In 1846 the town of Brumley, Missouri was a thriving community. With a town population of 120 people and a large supporting community, the town maintained three private schools, a large public school, five mercantile stores, two hotels, blacksmith shops, a weekly postal service, a stagecoach stop, hat shops, dress stores, and saw and grain mills.

Initially, Brumley was known as New Virginia because many of the families who settled in the area were from that part of the country. It wasn’t until 1876 that Brumley was incorporated and given its current name. Three rivers including the Glaize converged below the town. Most items needed for commerce in Brumley arrived by paddle boat down the river, such as vegetables, nuts, fruit, livestock, and lumber. The demise of Brumley began with the construction of the Bagnell Dam in 1932. The Bagnell Dam lowered the river levels which made shipping down the rivers an impossibility, which eventually shut down all mercantilism in Brumley.

In 1846, Dr. Walter and Martha Dixon were well known in the community. The Dixon’s were quite wealthy and affluent in Miller County and owned a large tract of land around where the current day Castle House stands. In the Spring of that same year, the Dixon’s set sail for London, England. While there, Dr. Dixon learned that large Manor homes were being built out of stone and solid concrete. Dr. Dixon was so impressed with this new concept of material for a home that he decided to build one upon his return to Brumley, Mo. Not only did he decide to build a concrete home, he also fell in love with a beautiful staircase in the Manor of the house he and his wife were staying in London.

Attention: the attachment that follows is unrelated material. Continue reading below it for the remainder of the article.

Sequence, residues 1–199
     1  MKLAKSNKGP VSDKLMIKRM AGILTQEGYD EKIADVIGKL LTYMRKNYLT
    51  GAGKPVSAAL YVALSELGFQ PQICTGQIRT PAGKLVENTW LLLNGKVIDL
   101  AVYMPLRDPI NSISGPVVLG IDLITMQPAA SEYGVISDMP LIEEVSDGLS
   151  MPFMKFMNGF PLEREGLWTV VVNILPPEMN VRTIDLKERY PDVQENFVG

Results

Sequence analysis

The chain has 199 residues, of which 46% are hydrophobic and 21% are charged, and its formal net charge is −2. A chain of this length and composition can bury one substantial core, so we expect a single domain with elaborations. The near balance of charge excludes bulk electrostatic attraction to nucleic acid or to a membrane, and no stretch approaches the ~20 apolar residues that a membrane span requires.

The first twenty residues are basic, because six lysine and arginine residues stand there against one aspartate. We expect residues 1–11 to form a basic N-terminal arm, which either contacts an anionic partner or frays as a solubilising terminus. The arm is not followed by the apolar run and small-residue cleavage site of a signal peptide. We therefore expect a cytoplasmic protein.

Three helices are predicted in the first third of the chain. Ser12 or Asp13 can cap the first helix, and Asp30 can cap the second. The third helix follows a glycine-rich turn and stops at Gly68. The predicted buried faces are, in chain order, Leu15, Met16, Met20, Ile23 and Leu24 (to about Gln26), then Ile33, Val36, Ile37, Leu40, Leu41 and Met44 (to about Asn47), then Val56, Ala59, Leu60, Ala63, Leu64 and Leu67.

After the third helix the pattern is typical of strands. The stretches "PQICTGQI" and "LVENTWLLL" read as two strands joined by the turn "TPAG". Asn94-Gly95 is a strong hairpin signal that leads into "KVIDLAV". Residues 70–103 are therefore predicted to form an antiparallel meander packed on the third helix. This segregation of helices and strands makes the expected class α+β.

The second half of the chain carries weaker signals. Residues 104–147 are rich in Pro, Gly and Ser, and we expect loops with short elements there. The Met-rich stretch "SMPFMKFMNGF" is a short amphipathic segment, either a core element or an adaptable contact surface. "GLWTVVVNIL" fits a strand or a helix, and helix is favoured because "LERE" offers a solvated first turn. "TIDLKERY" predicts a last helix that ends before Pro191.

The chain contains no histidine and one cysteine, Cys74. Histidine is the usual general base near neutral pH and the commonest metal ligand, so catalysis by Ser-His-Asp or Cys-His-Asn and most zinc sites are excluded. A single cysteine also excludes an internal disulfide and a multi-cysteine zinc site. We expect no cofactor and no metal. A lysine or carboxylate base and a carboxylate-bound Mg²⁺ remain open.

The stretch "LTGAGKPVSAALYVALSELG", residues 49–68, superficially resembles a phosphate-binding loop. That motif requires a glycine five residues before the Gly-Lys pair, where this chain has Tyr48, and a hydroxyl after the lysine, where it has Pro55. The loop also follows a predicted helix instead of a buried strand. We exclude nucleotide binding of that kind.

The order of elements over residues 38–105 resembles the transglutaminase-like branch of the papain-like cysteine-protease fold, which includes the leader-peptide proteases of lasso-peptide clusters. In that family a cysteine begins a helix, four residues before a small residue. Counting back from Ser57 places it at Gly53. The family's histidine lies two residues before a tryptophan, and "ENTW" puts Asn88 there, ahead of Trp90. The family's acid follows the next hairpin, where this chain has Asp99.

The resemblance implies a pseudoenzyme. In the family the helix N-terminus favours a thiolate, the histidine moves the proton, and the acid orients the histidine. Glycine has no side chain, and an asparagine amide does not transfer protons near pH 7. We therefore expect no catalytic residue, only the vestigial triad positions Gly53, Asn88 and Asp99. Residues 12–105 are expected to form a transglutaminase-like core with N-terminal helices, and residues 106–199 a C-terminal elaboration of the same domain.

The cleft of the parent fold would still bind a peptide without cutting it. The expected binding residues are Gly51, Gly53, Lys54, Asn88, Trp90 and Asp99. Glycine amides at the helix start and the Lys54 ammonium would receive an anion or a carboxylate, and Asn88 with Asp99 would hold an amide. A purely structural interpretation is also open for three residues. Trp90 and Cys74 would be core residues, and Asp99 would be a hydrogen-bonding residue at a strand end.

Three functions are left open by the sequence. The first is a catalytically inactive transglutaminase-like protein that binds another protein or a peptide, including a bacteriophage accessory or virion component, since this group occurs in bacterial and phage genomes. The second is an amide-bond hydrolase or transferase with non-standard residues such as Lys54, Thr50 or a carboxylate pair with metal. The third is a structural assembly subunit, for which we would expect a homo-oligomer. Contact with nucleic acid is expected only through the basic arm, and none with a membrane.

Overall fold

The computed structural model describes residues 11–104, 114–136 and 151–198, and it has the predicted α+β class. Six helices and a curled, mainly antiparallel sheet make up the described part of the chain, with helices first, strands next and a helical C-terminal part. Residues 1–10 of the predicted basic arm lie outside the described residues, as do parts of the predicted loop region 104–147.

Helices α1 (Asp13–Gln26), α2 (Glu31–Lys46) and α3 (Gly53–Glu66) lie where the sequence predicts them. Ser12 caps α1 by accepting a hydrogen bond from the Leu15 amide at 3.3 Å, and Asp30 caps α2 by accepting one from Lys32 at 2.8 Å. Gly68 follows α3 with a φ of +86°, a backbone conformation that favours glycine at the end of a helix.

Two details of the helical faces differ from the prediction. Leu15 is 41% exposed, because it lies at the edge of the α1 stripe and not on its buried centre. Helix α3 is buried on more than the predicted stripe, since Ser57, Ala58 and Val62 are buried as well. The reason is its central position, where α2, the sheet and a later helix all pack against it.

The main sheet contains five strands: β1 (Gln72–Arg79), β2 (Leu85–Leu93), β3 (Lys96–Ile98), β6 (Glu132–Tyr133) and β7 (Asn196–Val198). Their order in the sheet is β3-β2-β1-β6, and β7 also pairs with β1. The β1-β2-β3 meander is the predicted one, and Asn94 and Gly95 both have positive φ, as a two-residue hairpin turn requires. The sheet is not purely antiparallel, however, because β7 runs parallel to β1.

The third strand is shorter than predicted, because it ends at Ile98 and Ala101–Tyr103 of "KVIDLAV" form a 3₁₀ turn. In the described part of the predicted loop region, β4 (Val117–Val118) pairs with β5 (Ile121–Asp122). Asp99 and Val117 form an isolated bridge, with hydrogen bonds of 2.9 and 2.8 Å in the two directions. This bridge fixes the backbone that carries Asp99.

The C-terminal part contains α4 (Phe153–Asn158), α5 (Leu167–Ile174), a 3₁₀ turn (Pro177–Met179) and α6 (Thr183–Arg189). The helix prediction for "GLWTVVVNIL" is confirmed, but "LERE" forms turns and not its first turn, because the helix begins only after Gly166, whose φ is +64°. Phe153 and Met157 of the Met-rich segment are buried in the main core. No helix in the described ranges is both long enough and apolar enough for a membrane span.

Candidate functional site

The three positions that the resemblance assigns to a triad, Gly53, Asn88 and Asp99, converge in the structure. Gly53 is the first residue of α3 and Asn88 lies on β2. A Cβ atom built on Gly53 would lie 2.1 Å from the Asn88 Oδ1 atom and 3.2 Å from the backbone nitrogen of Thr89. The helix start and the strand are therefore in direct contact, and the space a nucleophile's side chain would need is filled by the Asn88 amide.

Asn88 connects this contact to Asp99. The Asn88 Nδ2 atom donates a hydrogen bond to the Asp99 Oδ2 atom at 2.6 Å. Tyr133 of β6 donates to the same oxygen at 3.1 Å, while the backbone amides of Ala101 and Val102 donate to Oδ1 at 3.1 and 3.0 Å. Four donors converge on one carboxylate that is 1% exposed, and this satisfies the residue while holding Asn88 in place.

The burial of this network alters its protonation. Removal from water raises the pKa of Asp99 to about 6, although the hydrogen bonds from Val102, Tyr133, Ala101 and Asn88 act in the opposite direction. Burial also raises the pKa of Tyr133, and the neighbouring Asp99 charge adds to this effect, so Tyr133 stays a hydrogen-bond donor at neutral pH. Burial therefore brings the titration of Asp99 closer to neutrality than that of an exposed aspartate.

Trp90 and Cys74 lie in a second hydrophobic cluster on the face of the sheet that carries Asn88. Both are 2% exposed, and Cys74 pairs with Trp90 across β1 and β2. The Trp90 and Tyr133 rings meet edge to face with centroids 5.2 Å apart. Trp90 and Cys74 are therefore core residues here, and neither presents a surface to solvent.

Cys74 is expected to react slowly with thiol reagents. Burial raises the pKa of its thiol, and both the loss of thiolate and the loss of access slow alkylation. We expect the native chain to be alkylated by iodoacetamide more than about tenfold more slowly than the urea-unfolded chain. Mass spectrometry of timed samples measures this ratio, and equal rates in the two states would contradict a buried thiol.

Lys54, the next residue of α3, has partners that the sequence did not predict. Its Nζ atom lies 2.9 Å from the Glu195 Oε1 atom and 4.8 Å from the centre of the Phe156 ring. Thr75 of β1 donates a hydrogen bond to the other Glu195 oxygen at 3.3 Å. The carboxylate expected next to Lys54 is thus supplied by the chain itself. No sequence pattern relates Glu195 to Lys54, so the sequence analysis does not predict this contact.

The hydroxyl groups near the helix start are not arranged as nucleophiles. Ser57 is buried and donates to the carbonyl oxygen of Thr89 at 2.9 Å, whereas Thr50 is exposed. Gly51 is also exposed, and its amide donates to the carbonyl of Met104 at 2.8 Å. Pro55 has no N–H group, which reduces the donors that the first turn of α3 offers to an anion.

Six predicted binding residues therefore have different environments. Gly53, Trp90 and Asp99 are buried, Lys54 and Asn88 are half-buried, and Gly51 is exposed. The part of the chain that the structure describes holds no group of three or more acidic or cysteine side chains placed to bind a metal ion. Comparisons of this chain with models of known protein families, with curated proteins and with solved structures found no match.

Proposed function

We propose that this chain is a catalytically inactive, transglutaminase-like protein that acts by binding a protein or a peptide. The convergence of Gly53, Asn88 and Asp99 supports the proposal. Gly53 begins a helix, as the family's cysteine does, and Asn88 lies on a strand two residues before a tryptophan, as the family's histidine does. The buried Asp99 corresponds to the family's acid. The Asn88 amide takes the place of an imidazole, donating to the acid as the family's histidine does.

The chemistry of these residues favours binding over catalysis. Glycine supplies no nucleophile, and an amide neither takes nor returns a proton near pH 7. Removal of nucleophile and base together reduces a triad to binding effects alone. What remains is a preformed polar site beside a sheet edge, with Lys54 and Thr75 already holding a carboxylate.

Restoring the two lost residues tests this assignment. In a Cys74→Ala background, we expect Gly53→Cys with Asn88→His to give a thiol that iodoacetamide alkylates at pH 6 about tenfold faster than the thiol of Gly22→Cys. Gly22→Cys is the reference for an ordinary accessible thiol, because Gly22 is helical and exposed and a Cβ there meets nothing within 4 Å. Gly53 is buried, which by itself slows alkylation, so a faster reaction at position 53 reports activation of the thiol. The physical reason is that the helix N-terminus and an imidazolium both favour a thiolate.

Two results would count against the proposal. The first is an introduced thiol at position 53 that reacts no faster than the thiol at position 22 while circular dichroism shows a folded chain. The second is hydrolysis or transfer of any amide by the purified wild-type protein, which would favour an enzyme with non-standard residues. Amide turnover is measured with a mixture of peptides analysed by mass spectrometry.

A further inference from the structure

When it was finished, the home stood as one of the largest, most beautiful and unique homes in the county. It was easily named “The Castle House” due to its thirty-foot-tall rounded turret.

Currently only five buildings dating back to the 1800’s still exist in Brumley. The Castle House, the Baptist Church, which was the first established Christian Church in the town, both of the original Hotels, and the Brumley Whore House, which is now a private residence.

While not the only doctor in Miller County, Dr. Dixon has been described as a visionary, and as the most popular, affluent, and egocentric doctor in the area. With a waiting room in the first floor sitting room, Dr. Dixon maintained his exam room in the second floor sitting room. Regardless of how sick a patient might be, injured, ill or even with an arrow sticking out of their head, all patients were required to climb the steep stairs in order to be examined and treated. As with most physicians, Dr. Dixon also performed house calls, driving a buggy and visiting the sick in their homes, including doing daily tasks and caring for the sick farm animals.

This history was obtained from the current owners website at Please take the time the time to visit not only their website, but to take a tour of the location itself. Don’t forget to follow them on Facebook too.